Rapid population growth and industrial development are straining regional water supplies.
Reverse osmosis desalination is playing an increasingly important role in the bid to meet the Middle East's growing thirst for water.
Rapid population growth and industrial development are putting heavy demand on water supplies in the Middle East, and the construction of artificial islands is throwing up new challenges for water providers.
Energy is where you can make a big difference in the lifecycle cost of the plant. - Eric Jankel
But utility companies are finding that reverse osmosis (RO) desalination technology can provide a quick and cost-effective solution to these problems, and as a result this method of desalination is gaining market share in the region.
In the RO desalination process, high pressure is used to push saline water through semi-permeable membranes to remove the dissolved salt content.
It does not require heat, unlike the thermal distillation methods, such as multi-stage flash (MSF) and multi-effect distillation (MED), which vaporise the water to remove the salts. This means the facilities can be built independently from power plants and be connected to the electrical grid instead.
RO is not a new technology; it has been around for more than 30 years. For sometime, though, water firms in the Middle East were wary of experimenting with RO desalination because one of the early projects constructed in Bahrain during the 1970s famously suffered many complications as a result of its inadequate pretreatment system.
Other plants dating from the same era also experienced operational problems and some continue to suffer, as Paul Buijs director of Global Membrains consultancy explains: "RO requires a good pre-treatment. In the UAE and other areas in the Gulf there are some installations that are facing problems. You can bring most of the problems back to the fact that the buyer has gone for the lowest possible investment cost instead of the lowest cost of operation.
"If you apply a very rudimentary system of filtration you will get the particles out, but you won't get the bugs out, and they start fouling and clogging up the membranes, reducing their efficiency. With sufficient pretreatment, especially when applying ultra-filtration, you will have a trouble-free RO system. Normally manufacturers would recommend a cleaning once every three months, however, we are involved in a system in Belgium which is cleaned once every year and even then it is a very limited cleaning.
It shows that with a good pre-treatment you get a very stable situation. And you can do that on any type of water - there are even ROs for industrial applications that are run on municipal effluent, which obviously has a very high biofouling tendency. With a good pretreatment there is no problem with RO.
A growing understanding of the chemistry behind the technology and the need for daily pH control, along with improvements in membrane design have enabled RO desalination to shed its bad image in the region over the past few years.
The fall in the cost of RO desalination has also helped it to gain in popularity, as Aqualyng's Eric Jankel explains: "The economics of the technologies now favours RO, when all other things are equal.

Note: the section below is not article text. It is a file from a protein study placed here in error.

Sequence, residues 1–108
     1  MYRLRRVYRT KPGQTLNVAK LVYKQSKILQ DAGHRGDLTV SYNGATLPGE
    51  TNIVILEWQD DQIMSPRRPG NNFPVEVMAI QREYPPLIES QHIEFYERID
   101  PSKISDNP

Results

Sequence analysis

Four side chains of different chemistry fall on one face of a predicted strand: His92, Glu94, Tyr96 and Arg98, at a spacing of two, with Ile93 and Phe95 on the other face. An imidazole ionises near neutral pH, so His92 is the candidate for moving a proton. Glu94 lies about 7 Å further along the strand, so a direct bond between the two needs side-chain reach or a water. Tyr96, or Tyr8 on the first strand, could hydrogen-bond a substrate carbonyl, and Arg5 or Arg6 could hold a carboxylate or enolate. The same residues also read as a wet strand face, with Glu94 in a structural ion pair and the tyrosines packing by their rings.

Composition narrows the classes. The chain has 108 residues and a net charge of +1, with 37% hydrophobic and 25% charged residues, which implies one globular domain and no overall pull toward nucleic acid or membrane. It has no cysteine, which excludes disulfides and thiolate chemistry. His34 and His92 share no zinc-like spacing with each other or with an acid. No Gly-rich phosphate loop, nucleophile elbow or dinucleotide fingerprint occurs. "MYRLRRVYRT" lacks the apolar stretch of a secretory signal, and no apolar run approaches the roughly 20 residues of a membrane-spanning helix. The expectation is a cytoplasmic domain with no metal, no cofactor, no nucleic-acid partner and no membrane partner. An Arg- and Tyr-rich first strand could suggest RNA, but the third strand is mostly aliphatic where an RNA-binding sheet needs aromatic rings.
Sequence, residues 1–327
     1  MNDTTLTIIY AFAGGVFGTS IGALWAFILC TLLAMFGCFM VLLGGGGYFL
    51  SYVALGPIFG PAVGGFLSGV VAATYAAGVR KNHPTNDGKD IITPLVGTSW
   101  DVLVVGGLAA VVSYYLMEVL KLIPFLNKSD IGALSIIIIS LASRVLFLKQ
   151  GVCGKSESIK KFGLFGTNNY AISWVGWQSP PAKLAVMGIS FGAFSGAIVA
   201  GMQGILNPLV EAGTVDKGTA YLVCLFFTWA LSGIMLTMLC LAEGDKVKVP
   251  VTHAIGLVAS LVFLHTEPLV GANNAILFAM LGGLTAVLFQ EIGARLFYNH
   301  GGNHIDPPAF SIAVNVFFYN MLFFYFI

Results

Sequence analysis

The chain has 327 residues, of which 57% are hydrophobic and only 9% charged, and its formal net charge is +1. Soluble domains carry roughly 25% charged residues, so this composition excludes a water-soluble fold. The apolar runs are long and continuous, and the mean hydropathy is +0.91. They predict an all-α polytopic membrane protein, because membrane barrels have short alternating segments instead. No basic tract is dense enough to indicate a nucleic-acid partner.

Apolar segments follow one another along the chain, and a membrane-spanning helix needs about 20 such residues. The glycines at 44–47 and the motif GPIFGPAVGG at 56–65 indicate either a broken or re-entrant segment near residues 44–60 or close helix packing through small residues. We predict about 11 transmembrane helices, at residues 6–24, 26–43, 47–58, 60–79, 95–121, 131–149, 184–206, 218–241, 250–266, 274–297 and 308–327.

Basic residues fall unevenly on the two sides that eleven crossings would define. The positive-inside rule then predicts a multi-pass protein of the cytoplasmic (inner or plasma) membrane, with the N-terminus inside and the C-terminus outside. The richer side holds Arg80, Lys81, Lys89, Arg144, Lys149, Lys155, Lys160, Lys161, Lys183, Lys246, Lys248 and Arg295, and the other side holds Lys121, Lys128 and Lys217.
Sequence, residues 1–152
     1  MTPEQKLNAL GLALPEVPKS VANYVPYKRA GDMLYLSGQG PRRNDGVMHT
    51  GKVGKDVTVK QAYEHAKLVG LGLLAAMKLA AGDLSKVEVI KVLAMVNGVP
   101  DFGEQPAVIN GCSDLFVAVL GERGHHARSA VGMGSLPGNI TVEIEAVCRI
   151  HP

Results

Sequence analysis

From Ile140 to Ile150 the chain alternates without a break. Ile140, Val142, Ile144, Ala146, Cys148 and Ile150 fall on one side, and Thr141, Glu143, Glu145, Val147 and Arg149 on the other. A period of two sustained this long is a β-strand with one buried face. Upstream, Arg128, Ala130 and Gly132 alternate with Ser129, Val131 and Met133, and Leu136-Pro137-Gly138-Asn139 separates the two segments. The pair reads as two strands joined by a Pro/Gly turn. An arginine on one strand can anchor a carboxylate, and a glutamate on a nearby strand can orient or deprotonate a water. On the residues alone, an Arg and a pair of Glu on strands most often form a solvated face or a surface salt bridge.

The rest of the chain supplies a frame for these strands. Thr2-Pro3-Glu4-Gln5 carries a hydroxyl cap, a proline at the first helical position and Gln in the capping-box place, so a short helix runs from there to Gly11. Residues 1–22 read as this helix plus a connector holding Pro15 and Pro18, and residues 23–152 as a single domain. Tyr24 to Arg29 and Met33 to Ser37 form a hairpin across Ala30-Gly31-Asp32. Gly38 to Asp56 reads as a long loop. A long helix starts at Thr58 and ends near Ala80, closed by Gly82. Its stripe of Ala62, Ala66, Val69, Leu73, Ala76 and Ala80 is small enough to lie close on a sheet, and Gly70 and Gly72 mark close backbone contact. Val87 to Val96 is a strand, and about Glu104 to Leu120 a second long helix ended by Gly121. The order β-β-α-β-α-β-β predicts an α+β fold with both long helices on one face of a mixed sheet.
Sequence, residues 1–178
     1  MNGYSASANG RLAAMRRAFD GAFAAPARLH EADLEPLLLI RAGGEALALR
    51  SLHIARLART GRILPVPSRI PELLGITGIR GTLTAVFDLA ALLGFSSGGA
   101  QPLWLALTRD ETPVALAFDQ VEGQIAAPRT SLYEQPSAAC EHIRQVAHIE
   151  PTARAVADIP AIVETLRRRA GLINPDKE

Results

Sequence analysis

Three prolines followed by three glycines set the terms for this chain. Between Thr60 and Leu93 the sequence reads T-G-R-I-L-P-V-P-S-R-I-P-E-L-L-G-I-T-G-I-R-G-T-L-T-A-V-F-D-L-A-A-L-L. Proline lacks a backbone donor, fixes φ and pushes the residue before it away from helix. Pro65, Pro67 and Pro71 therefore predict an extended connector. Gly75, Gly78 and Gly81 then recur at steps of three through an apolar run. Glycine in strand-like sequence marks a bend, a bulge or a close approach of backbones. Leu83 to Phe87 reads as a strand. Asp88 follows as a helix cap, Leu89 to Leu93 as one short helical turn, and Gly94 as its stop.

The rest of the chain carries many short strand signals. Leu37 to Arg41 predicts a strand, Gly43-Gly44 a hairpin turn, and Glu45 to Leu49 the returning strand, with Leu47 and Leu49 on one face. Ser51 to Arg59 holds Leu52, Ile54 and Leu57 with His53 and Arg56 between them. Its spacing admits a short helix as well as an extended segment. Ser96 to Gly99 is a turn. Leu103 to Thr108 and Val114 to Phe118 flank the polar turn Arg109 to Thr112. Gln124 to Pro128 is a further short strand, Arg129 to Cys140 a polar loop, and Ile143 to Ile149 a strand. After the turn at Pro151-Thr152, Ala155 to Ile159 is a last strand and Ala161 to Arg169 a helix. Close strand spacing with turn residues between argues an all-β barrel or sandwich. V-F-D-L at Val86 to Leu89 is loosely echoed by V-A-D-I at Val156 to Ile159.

The price for the end-user has come down, hitting a bottom about four or five years ago. The technology has also improved and the membranes are more productive. If you spend US $500 for an eight inch by forty inch element you are producing more water from that element today than you would have done five or ten years ago."
Another important driver in the shift towards this technology has been the improvement in the efficiency of energy recovery devices, which have significantly reduced the cost of operating of RO desalination units.
"Energy is about 25% of the cost of producing water on a lifecycle basis," states Jankel. "If you save a marginal amount on energy you can make significant savings on the cost of production."
The most energy-intensive part of the RO process is the initial pressurisation of the feedwater.
Thermal desalination plants are designed for maximum energy recovery because the heat they put in is recovered mainly from the power plant's waste stream," says Buijs, explaining the technology. "They also recover energy by cooling the outgoing water with the incoming water. But an RO uses pressure to make the water pass through the membrane.
The concentrate stream that leaves the membrane still contains a lot of energy. You can let that go to waste or you can use that energy to drive a device that pressurises the water coming into the RO.
It is not one method versus the other. RO will not take over. - Eric Jankel
The net energy requirement for a desalination plant can be reduced from 7-8 kWh per m3 to 3.5-4 kWh per m3 by using an RO plant fitted with a state-of-the-art recovery device, according to Jankel.
This can lead to considerable economies of scale and has triggered a growing tendency to build larger plants.
"Ten years ago the largest seawater desalination plant was probably in the range of 10 000-30 000 m3 per day, now the largest one is 350 000 m3 per day. And Australia is talking about building one at 450 000 m3 per day using RO," Jankel adds.
Fitting energy recovery devices also means that a smaller pump can be used to generate the pressure, which again brings cost savings. Buijs believes this is the reason why there is still interest in using this equipment in regions where energy is still relatively cheap. "One of the main reasons to use an energy recovery device in RO is to save on investment costs because the money you spend on the recovery device you gain by not having to install a very big pump. So it pays for itself. The suppliers of these systems are really booming," he says.
Tried and tested
But this does not mean that thermal desalination has had its day.